Alexandra: Okay, sometimes it’s not so good to show up, especially if Ben & Jerry’s Americone Dream is calling you like one of Homer’s sirens. Your action plan would be to write down your food intake and moods and just observe. That’s it–observe what occurs. Interestingly, when people become aware of their habits, they change them without a lot of conscious effort (and the anguish that goes with it). Just as you picked up some bad habits without really intending to, so can you get rid of them. Obviously, it’s harder for some habits than others, especially if chemicals are involved (think smoking).

Fire those bad habits

Fiery redheads unite to fire those bad habits! From wall art at Rancho la Puerta.

Stage 4 – Have a Long Term Plan

Kymberly: Truth?! You CAN handle the truth!: You will have setbacks. What is your recovery plan? Dr Fiore highlighted this as a key component of habit change success. Those who fall by the wayside give up after a setback, thinking one mistake or one bad moment means failure. Happy habit changers have accounted for the probability of setbacks and create a “get back on track” strategy.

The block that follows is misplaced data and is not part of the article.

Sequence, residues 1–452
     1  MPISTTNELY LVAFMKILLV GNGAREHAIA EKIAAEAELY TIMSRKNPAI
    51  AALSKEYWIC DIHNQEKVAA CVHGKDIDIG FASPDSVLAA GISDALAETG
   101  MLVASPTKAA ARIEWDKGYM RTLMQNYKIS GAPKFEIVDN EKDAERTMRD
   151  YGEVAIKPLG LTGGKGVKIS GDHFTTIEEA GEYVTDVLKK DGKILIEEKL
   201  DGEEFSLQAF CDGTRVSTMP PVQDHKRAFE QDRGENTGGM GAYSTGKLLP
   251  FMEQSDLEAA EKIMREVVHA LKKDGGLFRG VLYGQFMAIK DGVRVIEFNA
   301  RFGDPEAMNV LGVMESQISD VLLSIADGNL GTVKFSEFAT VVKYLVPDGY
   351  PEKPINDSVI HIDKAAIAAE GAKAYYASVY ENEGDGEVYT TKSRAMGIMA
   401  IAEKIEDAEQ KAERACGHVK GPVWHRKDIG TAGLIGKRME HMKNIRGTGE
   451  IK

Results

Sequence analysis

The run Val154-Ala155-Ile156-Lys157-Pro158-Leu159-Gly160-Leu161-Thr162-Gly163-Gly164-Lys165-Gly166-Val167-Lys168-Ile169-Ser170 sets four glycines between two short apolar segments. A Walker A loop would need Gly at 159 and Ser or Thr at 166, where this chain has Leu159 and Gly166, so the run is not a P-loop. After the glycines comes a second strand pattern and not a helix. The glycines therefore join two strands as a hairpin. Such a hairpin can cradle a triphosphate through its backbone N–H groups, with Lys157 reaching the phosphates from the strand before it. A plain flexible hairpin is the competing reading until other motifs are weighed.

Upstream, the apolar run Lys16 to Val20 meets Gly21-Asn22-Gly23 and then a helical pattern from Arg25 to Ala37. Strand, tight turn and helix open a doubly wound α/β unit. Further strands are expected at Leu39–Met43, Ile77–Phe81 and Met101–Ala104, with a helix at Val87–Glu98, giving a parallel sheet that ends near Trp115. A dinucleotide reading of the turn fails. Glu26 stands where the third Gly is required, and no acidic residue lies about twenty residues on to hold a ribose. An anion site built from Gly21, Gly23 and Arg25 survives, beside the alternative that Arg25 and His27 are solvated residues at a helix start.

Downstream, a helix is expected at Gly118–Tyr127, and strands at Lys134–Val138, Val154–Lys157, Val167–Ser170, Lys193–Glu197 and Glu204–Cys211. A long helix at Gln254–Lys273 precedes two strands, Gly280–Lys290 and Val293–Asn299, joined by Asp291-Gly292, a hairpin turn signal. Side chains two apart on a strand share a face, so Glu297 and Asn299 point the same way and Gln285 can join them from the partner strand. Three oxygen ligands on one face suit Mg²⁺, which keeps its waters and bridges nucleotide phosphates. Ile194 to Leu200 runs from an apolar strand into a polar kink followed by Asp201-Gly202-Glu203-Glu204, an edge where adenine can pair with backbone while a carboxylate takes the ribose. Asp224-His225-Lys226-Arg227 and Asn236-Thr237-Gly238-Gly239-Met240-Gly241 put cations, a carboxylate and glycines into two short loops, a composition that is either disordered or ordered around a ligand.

Alexandra: In other words, plan to fail. Because planning will lead to success. No-one likes to be bossed around or told what one should or can’t do, even when it’s you talking to yourself. Create your plan based on what you can and will do! Picture your road to success as having rest stops, not as one big U-turn. Changing habits is mental so if you plan to incorporate the slow-downs, you’ll think, “Aha, I was expecting this, and now I will move forward again,” which is totally different than, “Aha, I’m a loser because I got off the straight and narrow and therefore forget it.”

There you habit!

Readers: What new or improved habit are you currently working on?

Start a good habit right now: Subscribe to our YouTube channel. And our blog. Follow us on Twitter: KymberlyFunFit and AlexandraFunFit. Please also follow us on Instagram: KymberlyFunFit and AlexandraFunFit. We make this an easy habit to instill by giving you handy dandy links in the right sidebar.